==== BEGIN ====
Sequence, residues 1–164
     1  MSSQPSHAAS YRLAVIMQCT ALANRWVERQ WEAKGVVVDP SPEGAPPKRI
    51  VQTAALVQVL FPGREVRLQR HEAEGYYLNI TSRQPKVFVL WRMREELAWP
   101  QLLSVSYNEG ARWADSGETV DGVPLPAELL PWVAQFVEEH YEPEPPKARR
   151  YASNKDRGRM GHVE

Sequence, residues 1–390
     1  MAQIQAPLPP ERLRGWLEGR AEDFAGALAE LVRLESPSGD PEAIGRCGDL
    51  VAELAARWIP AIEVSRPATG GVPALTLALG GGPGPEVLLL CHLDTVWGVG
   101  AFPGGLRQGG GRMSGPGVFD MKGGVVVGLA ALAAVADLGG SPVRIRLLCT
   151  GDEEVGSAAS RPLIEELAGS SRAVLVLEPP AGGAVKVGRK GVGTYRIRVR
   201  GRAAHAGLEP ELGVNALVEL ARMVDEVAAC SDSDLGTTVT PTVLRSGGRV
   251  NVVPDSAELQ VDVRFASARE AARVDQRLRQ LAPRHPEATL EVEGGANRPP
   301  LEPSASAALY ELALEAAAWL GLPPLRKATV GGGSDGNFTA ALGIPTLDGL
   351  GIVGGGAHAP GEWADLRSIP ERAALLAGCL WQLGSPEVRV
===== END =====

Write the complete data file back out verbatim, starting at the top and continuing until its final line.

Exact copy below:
Sequence, residues 1–164
     1  MSSQPSHAAS YRLAVIMQCT ALANRWVERQ WEAKGVVVDP SPEGAPPKRI
    51  VQTAALVQVL FPGREVRLQR HEAEGYYLNI TSRQPKVFVL WRMREELAWP
   101  QLLSVSYNEG ARWADSGETV DGVPLPAELL PWVAQFVEEH YEPEPPKARR
   151  YASNKDRGRM GHVE

Sequence, residues 1–390
     1  MAQIQAPLPP ERLRGWLEGR AEDFAGALAE LVRLESPSGD PEAIGRCGDL
    51  VAELAARWIP AIEVSRPATG GVPALTLALG GGPGPEVLLL CHLDTVWGVG
   101  AFPGGLRQGG GRMSGPGVFD MKGGVVVGLA ALAAVADLGG SPVRIRLLCT
   151  GDEEVGSAAS RPLIEELAGS SRAVLVLEPP AGGAVKVGRK GVGTYRIRVR
   201  GRAAHAGLEP ELGVNALVEL ARMVDEVAAC SDSDLGTTVT PTVLRSGGRV
   251  NVVPDSAELQ VDVRFASARE AARVDQRLRQ LAPRHPEATL EVEGGANRPP
   301  LEPSASAALY ELALEAAAWL GLPPLRKATV GGGSDGNFTA ALGIPTLDGL
   351  GIVGGGAHAP GEWADLRSIP ERAALLAGCL WQLGSPEVRV